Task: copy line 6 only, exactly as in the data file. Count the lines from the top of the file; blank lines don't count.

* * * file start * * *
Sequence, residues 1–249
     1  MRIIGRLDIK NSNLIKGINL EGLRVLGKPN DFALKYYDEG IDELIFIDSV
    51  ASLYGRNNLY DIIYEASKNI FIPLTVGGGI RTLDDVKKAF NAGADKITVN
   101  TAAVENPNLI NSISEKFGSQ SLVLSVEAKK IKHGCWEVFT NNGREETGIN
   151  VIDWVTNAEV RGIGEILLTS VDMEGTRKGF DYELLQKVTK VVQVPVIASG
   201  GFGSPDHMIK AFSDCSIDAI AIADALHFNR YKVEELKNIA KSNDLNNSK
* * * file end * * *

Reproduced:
   201  GFGSPDHMIK AFSDCSIDAI AIADALHFNR YKVEELKNIA KSNDLNNSK